Competition-Vertigo and Chance-Mimicry and Forbidden Relationships. This is self-evident — you can’t have a strategic game which at the same time destroys judgement and distorts truth; and you can’t have a game where reality is simulated based on internal logic, but at the same time random. BUT in the latter case you could design a game where one is subordinate to the other, e.g. the randomness creates a set of conditions in the illusion that the players respond to (which is a cornerstone of RPGs).
Last, and most interesting IMHO, are the Contingent Relationships of AGON-MIMICRY and ALEA-ILINX which “may be associated harmlessly.” Callois again goes back to the spectacle:
I have already had occasion to stress that every competition is also a spectacle. It unfolds according to identical rules, and with the same anticipation of the outcome. It requires the presence of an audience which crowds about the ticket windows of the stadium or velodrome just as at those of the theater and cinema.
On the Narrativist vs. Challenge (“OSR”) modes of design: logically if you characterise the aim of Narrativist games to induce sensation or vertigo, then this is incompatible with strategic, “challenge based” or “boundary based” design. Of course if we’re using these terms then the use of MIMICRY to denote simulation is going to cause some confusion.
I’ll finish this with a couple of quotes — which are interesting although not specific to roleplaying.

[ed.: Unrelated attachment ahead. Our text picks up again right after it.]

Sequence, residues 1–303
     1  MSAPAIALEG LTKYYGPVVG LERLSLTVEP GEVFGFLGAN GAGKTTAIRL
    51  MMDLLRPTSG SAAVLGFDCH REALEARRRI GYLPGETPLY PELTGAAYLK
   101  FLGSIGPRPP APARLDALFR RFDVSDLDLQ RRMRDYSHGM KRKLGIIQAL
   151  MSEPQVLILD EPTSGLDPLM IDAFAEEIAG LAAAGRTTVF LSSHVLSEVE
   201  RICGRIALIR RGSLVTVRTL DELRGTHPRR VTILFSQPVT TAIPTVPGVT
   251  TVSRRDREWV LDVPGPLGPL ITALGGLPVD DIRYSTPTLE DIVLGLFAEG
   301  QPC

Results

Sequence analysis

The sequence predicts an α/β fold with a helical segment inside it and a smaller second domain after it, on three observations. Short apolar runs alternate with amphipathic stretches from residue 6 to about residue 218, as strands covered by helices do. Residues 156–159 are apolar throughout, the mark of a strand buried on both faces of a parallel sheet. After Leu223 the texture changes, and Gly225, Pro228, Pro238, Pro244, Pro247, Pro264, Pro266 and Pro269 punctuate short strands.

From Chapter 8, concerning Competition and Chance:
The reign of mimicry and ilinx as recognised, honoured, and dominant cultural trends is indeed condemned as soon as the mind arrives at the concept of cosmos, i.e. a stable and orderly universe without miracles or transformations. Such a universe seems the domain of regularity, necessity, and proportion—in a word, a world of number.
From Chapter 9, concerning “The Mask and the Uniform”:
modern society is scarcely aware of the two survivals of the sorcerer’s mask: the black mask and the grotesque carnival mask. The black mask, the mask reduced to its essentials, elegant and abstract, has long been associated with erotic fetes and with conspiracies. It characterises equivocally sensual intrigues and mysterious plots against the powers that be.
Unsurprisingly other gamers have already done this analysis: this article cleans up the table and covers the six pairs of categories very neatly.
Going further I found this article by Jesper Juul from 2003, which goes beyond Callois’ classifications and argues that RPGs are a borderline case between GAMES-NOT GAMES. This is outside the scope of what I’ve written here but worth reading.
Finally this appears to be someone’s entire thesis which is a bit much for a casual read-through but it includes a nice pictogram of the relationships (which I reproduced above).